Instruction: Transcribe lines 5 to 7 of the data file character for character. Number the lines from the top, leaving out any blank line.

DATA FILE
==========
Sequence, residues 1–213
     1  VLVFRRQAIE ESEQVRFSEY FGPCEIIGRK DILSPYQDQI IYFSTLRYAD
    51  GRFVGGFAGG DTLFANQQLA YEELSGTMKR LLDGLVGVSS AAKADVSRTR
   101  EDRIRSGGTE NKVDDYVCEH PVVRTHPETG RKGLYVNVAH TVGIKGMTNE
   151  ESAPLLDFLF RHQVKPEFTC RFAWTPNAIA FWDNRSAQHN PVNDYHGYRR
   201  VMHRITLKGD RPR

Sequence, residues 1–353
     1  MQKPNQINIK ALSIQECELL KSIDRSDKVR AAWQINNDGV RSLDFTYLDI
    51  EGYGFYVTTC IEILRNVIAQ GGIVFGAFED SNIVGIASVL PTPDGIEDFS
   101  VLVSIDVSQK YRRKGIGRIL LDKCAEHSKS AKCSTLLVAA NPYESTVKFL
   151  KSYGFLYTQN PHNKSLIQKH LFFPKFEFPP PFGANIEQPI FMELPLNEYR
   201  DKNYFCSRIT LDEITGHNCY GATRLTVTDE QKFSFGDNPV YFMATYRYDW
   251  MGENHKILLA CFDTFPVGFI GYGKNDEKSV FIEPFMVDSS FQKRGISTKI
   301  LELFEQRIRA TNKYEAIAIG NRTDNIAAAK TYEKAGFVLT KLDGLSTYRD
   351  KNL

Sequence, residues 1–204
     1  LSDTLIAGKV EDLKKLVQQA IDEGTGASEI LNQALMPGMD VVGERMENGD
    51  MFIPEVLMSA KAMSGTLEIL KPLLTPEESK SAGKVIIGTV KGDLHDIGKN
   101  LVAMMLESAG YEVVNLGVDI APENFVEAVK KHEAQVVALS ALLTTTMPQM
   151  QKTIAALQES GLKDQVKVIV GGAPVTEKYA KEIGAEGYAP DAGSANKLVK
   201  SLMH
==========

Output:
   151  ESAPLLDFLF RHQVKPEFTC RFAWTPNAIA FWDNRSAQHN PVNDYHGYRR
   201  VMHRITLKGD RPR

Sequence, residues 1–353